Given their poor reputation, banks need to do more than capture additional clients, provide more credit and promote their brands. Banks must move to enhance the reputation of the whole industry to gain the trust of people who have not yet moved out of the cash economy. Working with the government and the media, banks and insurance companies can do more to improve financial literacy than if they go it alone.

Financial services companies have a large number of qualified staff who can teach the basics of financial literacy to students. It's great for young people and for the companies -- a new way of developing and engaging their employees in community activities, of attracting new clients and, potentially, new employees, while at the same time raising understanding and interest in financial services.

As the Education and Science Ministry creates new course materials, the private sector could play an important role in developing printed and online materials. There are already a number of individual positive initiatives by several banks. Rosbank has published a book on basic finance for children. Merrill Lynch is planning to translate its stock market training program for young people into Russian, and the Institute of Stock Market and Governance, in collaboration with Citigroup, holds an essay writing competition for schoolchildren.

Major employers also have an interest in raising the level of financial literacy among their employees through on-site seminars, and these employees can get involved in helping young people set up their own businesses. Aluminum producer SUAL has helped set up local enterprise funds that have had a positive impact on employment in its factory cities.

In Kaluga, ABN Amro and Oxfam, in collaboration with the International Business Leaders Forum, are considering setting up a new microcredit fund to provide small loans to help underprivileged young people set up their own business. In addition to financial backing, the participating companies make their managers available to work with young people on business plans and strategy, basic finance and sales and marketing. A similar program, "Make Your Life Work!" recently piloted in St. Petersburg, will open in 10 cities in 2007 and 2008 and provide training camps for unemployed young people in financial literacy, setting up a business and applying for work.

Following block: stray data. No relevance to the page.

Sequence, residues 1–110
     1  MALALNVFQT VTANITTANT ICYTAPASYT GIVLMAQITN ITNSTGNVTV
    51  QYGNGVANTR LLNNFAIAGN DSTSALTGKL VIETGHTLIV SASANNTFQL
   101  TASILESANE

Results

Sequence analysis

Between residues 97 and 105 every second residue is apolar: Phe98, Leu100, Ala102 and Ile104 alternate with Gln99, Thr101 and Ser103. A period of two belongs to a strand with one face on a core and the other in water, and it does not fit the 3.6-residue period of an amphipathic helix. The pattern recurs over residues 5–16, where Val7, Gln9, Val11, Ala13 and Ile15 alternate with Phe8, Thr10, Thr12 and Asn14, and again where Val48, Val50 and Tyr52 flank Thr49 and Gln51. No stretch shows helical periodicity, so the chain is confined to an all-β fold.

A coordinated multimedia campaign will have to be developed to get the message across. An alliance of government, business and the media could put together an effective financial literacy campaign on television. For younger viewers, educational programs like "Sesame Street" can be adapted to promote a better understanding of basic finance. The Internet can be effective in getting the message across. Many banks have created web sites to help people calculate loans. The web site has agreed to work with a number of leading banks in providing a regular column on financial products for its student readers.

A lot is being done, but so far it been in the form of individual initiatives. The Finance Ministry has set up an inter-ministerial committee to examine how to coordinate the government's response. Business, under the leadership of the Russia Partnership for Responsible Business Practices, has set up a task force comprising banks, insurance companies, nongovernmental organizations and academic institutions. The task force will swap the best corporate practices, bring companies and NGOs together in collaborative projects and provide tools for assessing the effectiveness of financial literacy programs. It will also provide a business-to-consumer portal giving access to all the best online financial support and education programs available in Russia.

Experience in other countries has shown that the combination of public and private sector can have a powerful and hugely beneficial effect. The time is right for the government and business together to address this major challenge in Russia.

Brook Horowitz is executive director of the Russia Partnership for Responsible Business Practices and representative of the International Business Leaders Forum in Russia (